In a further sign that the nation’s builders continue to struggle after the recession, private nonresidential construction spending fell 6.9 percent in January, according to the March 1 report by the U.S. Commerce Department. Year-over-year, private nonresidential construction spending is down 13.2 percent. Total nonresidential construction spending – which includes both privately and publicly financed construction – was down 3.3 percent in January and 5.3 percent lower from the same time last year, and now stands at $536.7 billion.
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Those subsectors posting the largest monthly percentage losses in spending include lodging, down 20.2 percent; power, down 10.9 percent; health care, down 6.4 percent; amusement and recreation, down 6.2 percent; and office, down 5.2 percent. The subsectors with the largest losses year-over-year continue to be lodging, down 44.9 percent; manufacturing, down 25.5 percent; and office construction, down 22.6 percent.
Five of the sixteen nonresidential construction sectors still managed to post increases for the month including conservation and development, up 5.5 percent; public safety, up 4.4 percent; water supply construction, up 2.3 percent; and transportation, up 1.2 percent. Six subsectors were higher from the same time last year including water supply, up 18 percent; conservation and development, up 14.6 percent; highway and street, up 11.3 percent; transportation, up 8.2 percent; and power, up 5.2 percent.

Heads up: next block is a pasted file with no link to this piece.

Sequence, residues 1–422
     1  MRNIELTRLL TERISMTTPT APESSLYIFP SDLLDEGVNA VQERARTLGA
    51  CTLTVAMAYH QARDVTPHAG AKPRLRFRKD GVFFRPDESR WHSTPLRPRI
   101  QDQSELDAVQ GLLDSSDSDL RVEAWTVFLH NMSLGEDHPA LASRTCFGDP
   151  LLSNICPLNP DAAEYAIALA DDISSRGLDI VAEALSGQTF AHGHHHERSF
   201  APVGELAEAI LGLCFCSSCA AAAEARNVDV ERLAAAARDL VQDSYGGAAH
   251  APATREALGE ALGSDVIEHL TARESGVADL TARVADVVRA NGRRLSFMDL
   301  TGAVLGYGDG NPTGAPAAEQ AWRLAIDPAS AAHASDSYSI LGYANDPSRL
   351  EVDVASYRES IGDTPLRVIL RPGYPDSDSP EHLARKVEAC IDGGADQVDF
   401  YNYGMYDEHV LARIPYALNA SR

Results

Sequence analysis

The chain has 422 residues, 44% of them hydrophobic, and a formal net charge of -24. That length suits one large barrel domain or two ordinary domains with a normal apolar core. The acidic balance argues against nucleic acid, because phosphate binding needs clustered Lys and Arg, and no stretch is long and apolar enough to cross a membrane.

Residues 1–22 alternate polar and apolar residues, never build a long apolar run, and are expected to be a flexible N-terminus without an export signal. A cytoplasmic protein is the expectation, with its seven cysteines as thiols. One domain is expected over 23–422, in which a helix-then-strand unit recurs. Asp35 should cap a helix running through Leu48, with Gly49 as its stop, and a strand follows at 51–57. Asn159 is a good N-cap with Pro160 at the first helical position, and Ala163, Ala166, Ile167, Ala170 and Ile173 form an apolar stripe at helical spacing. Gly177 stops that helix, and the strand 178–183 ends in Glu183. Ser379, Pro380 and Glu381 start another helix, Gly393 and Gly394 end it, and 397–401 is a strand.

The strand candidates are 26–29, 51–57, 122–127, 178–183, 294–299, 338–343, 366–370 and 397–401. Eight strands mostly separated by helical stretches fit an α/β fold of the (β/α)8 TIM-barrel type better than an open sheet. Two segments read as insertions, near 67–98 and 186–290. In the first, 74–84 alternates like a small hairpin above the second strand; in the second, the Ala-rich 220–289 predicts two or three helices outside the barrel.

Public nonresidential construction spending was flat for the month and up 2.5 percent from January 2010. Residential construction spending surged 5.1 percent for the month, but was still down 7 percent from the same time last year. Total construction spending – which includes both nonresidential and residential – was down 0.7 percent from December 2010 and 5.9 percent lower from one year ago.
“One could simply disregard January’s construction performance as a reflection of meteorological rather than economic phenomena,” said Associated Builders and Contractors Chief Economist Anirban Basu. “It was cold and snowy, and it is likely that weather played a role in suppressing overall activity. Further, the construction employment data from January, released early last month, also appear to support this notion.
“While the nation’s bad weather explains part of the situation, it’s clear that economics was also at play,” said Basu. “Remarkably, total construction spending in America would have expanded in January relative to December had it not been for a sharp decline in energy-related construction. Spending on construction related to this sector fell from $94 billion on a seasonally adjusted annualized basis to $84 billion. That more than offset the gain of $4 billion in spending in the overall U.S. construction sector.
“However, the gain in non-energy-related construction spending was largely driven by residential construction, which experienced an increase in construction spending of more than $12 billion in January on a monthly basis,” Basu said. “Nonresidential construction spending remained negative on a monthly basis even when one excludes the performance of the energy subsector.
“In the final analysis, the January construction spending data supports the notion that the recovery in nonresidential construction has not yet begun,” said Basu. “It is possible that weather has merely delayed this process and that broader economic fundamentals will eventually shine through in the spring. Unfortunately, it is also possible that the economic fundamentals do not yet support recovery in the nation’s construction industry, and that the cold temperatures of January were merely incidental.”